How to fix a deepening crisis in history and civics education

'Young people are losing confidence in our form of government and their ability to participate in civil society
By: | March 3, 2021

Civics and history education at every grade level must be rebuilt, say a group of scholars who have developed extensive inquiry-based, social studies guidelines for a diverse and democratic society.

The Educating for American Democracy Roadmap and Report was commissioned by National Endowment for the Humanities in response to decreased investments in social studies instruction and the increasingly acrimonious polarization in American society and politics.

The Jan. 6 attack and riot at the U.S. Capitol only heightened the urgency to ensure students do more than memorize facts as they learn how a representative democracy works and how they can remain engaged productively, the authors of the roadmap said in a webinar Tuesday.

“What I love about this project is its commitment to inquiry, and understanding history not as a grab bag of facts but as a method of humanistic inquiry as way to get to the bottom of things, a way to find out what’s true and what’s not,” Jill Lepore, a professor of American history at Harvard University, said during a livestream release of the report Tuesday.

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State standards covering the American Revolution too often focus on having students memorize names and dates. These new guidelines would help teachers blend in the perspectives of indigenous people, free African Americans and enslaved African Americans, said Danielle Allen, director of Harvard University’s Edmond J. Safra Center for Ethics.

“The roadmap really asks  that learners have a chance to shift from breadth to depth, to purse lines of inquiry,” Allen says “We shift to questions, rather than trying to deliver answers from on high. Learner will have the chance to engage with primary sources, to wrestle with evidence, to debate the answers to questions.”

The guidelines will also help teachers lead productive debate when classes have differing viewpoints about a topic, she says.

“We’ve also worked to make sure educators can deal effectively with fundamental tensions,” Allen says. “Lots of time educators are afraid to teach civics because they worry it will take them into controversial territory.”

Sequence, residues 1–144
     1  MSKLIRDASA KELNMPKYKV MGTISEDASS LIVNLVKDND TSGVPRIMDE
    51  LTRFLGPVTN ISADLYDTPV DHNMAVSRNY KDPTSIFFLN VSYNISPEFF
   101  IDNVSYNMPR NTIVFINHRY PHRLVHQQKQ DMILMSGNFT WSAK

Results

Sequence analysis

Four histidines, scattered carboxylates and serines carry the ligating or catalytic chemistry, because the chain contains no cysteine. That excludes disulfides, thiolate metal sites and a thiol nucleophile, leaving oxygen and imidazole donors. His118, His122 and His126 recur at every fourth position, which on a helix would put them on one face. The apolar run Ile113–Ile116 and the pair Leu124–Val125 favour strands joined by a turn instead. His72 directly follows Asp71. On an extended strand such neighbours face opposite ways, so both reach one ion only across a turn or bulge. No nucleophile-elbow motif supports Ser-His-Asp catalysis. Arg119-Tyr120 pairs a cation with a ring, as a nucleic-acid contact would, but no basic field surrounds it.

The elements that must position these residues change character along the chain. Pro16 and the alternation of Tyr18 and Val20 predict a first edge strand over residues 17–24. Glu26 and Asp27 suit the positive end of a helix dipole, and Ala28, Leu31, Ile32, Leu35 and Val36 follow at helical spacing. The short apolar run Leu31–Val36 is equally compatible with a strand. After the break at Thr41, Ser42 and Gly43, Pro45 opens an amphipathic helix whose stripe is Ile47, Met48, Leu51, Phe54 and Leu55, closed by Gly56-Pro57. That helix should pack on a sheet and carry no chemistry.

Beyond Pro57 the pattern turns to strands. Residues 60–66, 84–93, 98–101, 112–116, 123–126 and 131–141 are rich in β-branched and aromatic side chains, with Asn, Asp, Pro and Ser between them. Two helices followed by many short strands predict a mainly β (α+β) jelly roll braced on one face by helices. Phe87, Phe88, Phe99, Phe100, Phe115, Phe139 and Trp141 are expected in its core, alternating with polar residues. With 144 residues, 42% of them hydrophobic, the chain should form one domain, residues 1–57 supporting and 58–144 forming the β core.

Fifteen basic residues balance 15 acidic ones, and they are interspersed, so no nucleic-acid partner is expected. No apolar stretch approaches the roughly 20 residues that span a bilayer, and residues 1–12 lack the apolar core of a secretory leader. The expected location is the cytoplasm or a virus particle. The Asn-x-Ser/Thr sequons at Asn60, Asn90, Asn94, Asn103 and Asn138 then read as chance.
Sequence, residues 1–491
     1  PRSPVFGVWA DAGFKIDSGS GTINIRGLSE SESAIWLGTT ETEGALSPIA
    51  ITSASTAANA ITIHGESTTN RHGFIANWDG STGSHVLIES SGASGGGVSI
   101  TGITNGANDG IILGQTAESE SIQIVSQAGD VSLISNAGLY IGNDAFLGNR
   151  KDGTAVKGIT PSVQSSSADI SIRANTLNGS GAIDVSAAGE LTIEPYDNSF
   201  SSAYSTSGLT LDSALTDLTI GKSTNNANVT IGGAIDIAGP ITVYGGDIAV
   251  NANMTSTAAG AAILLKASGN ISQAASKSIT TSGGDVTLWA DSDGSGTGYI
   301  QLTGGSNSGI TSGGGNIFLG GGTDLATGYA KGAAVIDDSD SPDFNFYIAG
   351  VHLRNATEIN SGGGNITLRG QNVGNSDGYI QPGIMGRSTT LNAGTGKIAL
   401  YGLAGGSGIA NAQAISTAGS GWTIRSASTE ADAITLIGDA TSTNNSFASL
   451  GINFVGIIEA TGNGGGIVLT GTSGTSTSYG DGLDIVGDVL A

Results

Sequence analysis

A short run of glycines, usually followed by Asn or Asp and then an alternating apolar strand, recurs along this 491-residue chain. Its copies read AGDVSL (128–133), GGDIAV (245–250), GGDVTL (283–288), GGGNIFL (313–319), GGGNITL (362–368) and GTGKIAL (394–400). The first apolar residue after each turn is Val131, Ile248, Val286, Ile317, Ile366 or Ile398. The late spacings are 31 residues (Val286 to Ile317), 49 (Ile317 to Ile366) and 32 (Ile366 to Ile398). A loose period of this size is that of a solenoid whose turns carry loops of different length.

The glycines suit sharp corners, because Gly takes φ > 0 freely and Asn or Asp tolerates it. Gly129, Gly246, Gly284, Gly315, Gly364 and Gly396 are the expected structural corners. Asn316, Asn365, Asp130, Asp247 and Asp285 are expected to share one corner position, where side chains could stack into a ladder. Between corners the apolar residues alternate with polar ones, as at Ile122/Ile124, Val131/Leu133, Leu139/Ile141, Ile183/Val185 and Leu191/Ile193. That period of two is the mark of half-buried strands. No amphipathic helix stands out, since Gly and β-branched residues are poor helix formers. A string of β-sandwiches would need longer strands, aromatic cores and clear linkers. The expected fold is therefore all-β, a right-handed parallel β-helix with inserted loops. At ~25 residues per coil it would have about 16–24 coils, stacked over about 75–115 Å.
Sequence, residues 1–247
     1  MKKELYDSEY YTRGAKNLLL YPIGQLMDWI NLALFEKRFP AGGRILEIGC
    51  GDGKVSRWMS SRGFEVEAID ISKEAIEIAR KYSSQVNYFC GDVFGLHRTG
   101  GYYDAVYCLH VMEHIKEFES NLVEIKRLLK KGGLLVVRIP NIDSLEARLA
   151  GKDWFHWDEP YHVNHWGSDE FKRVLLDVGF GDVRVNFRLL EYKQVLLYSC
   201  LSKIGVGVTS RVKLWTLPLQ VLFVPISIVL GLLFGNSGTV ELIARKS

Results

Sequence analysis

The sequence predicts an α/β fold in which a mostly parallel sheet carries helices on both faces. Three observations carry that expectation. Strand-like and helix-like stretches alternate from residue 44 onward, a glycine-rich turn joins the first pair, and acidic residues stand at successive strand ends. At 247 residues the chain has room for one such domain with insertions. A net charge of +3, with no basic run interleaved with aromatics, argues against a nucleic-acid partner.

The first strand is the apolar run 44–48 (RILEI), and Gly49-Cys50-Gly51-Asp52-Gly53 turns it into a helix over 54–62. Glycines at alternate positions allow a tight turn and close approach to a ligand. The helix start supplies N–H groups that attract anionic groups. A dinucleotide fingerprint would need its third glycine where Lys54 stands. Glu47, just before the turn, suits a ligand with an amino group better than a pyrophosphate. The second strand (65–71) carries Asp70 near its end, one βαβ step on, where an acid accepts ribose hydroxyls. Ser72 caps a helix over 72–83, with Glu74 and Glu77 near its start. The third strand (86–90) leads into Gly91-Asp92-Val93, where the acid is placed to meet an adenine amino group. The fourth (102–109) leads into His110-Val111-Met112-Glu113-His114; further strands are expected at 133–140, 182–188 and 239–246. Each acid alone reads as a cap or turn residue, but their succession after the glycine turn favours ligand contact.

Democracy in peril?

Research has shown the the U.S. invests about $50 per student in STEM subjects but only 5 cents per student in social studies, says Jane Kamensky, a professor of American history at Harvard University.

“We have every sign that our constitutional democracy is in peril,” Kamensky says. “Years of polarization have deeply divided us and crucially, young people are losing confidence in our form of government and their ability to participate in civil society.”

The roadmap, however, is not a set of standards or a curriculum, but a guide for states and districts to beef up their own social studies standards. The report could help states and district develop new civics learning plans that cover the inquiry-driven civics and history skills students will need to graduate high school.

This gives states room for emphasize local and regional history, says Tammy Waller, director of K-12 social studies and world languages in the Arizona Department of Education.

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In Arizona, that would mean a focus on indigenous people while Massachusetts would emphasize Colonial history, Waller said.

These plans would also include professional development and perhaps a system of badges students would earn in certain grades when they meet certain civics benchmarks.

“It is a support mechanism for existing content and curriculum, a set of guiding principles about the what, why and how of o teaching American history and civid to sustain our constitutional democracy,” says Shelly C. Lowe, a National Endowment for the Humanities council member. “This Educating for American Democracy Project stresses the crucial ways humanities can be a central force for bringing country together over common ground.”